Better Sleep Means Better Joint Health | 1MD Nutrition™

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Better Sleep Means Better Joint Health

9 minute read

Chronic inflammation is the number one cause of joint pain in the United States. As well as being linked to many other serious illnesses, inflammation can be uncomfortable and dangerous when left untreated. Osteoarthritis is one such disease and is the prominent cause of disability among Americans.

If you feel you are at risk for or already suffer from chronic inflammation, the following list can help you. Simple lifestyle changes you can make to help you reduce inflammation, including the one you will certainly enjoy; getting better sleep.

The Common Techniques

Preventative dental care: Inflammation can be caused by bacteria that enter the mouth and make their way through the intestine and into the bloodstream. Regular brushing and dental care can help prevent this by removing many pathogenic bacteria from your mouth. Inflammation related to periodontal disease has been linked to chronic inflammation and heart disease, so be sure to brush and floss at least twice a day.

Fight with real food: When you choose the right foods to eat you, can help your body to block certain stages of the inflammatory response cycle. The best foods are antioxidants because they help to remove toxic byproducts that can trigger the inflammatory response.

Antioxidants also bind to free radicals, which are harmful by-products of inflammation. Some good choices to include in your diet are berries, dark chocolate, spinach, and red wine (in moderation). Beets and omega-3 foods also help to support anti-inflammatory activities.

Another way to get antioxidants is through nutritional supplements. Look for a joint health supplement containing an antioxidant, such as astaxanthin.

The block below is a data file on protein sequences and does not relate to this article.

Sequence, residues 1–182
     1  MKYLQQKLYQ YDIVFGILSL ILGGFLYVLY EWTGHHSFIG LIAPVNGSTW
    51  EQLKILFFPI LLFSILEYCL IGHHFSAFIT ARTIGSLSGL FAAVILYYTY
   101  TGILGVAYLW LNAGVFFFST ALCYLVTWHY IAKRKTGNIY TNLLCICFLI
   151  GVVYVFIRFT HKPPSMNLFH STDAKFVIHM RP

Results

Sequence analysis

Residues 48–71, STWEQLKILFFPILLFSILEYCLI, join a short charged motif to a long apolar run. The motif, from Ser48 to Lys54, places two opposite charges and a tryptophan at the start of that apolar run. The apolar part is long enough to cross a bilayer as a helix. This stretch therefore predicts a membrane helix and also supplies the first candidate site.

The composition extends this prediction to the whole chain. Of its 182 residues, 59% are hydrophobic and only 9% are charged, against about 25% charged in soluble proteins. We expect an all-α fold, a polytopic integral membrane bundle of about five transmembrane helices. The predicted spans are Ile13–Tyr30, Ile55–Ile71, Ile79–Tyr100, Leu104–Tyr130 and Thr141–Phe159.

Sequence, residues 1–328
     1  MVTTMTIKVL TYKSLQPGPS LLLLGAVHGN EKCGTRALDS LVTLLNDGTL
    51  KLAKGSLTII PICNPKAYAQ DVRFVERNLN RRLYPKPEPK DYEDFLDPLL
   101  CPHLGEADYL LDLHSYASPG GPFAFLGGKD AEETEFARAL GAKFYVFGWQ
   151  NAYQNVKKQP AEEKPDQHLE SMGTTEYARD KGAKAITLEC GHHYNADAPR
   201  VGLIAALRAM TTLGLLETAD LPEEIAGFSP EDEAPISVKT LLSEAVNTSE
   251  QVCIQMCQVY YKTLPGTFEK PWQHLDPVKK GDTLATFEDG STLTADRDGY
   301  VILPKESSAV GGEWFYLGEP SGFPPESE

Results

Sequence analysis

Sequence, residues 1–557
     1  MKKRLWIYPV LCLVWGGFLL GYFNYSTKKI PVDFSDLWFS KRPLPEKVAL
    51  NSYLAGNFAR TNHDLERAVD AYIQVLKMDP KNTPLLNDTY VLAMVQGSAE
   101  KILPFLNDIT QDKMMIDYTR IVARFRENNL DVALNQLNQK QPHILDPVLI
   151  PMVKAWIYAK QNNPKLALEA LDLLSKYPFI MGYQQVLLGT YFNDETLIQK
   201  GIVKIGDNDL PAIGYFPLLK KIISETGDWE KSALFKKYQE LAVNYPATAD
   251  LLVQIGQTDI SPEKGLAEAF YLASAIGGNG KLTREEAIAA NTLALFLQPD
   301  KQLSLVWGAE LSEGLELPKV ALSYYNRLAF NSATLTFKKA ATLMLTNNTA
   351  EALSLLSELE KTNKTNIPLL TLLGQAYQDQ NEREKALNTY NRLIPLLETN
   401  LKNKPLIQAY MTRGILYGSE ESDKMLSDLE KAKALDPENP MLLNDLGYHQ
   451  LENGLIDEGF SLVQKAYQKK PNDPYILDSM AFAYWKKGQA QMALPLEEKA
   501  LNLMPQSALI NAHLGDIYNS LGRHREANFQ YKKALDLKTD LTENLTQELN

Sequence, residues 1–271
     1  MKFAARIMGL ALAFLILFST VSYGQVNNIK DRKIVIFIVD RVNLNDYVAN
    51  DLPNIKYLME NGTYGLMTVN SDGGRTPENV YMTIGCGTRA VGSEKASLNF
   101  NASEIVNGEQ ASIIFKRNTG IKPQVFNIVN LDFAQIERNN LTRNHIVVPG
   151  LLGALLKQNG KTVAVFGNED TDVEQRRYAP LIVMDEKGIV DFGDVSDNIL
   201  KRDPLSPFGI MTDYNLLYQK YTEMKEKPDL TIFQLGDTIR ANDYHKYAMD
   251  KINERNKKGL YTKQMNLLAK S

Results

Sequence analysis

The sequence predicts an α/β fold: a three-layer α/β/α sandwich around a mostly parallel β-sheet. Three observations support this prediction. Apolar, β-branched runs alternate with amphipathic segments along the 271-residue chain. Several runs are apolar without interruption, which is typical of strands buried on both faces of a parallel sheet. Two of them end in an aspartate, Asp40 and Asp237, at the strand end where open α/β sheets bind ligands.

Cut out chemicals: Pesticides and preservatives are well known for causing tissue damage and invading cells, both of which lead to inflammation. Be careful with cleaning products and when it comes to food; choose seasonal and local options as well as organic.

Stay active: Regular exercise reduces inflammation by improving circulation and lymphatic flow, as well as reducing body fat. The type of exercise doesn't matter. As long as you get the heart pumping, you will receive the benefits. Exercise also helps to reduce stress.  

Watch your weight: Metabolic stress is caused by obesity, which causes fat cells to trigger inflammation because they act like the cytokines of the immune system, which stimulate the inflammatory response.

Address the stress: Stress and anxiety push our bodies into the “flight or fight” response. The emotions are interpreted by the body as internal invaders so inflammatory markers are triggered. The more stress you have in your life, the more inflamed you are likely to be inside.

The options to reduce stress include yoga and meditation, but you can also simply do the activities you enjoy. Take a light stroll or play with the kids or pets. Laughing and enjoying an activity will melt the stress away and put out that internal flame.

How Sleep Fits Into The Picture

Many people think that to fight inflammation you need to actively 'fight'. This means doing something like exercise or eating right. However, you can fight inflammation by doing nothing.  

We have all experienced waking up after a bad night of sleep. You are groggy, achy, not thinking clearly, and reaching for that coffee mug. Yes, the caffeine helps but you will end up with that afternoon crash. It would be much easier to just get a good night sleep.

Studies are showing that a lack of sleep not only makes us crabby in the morning but over time, it can cause real damage to our bodies. Sleep deprivation was recently linked to increased inflammation levels.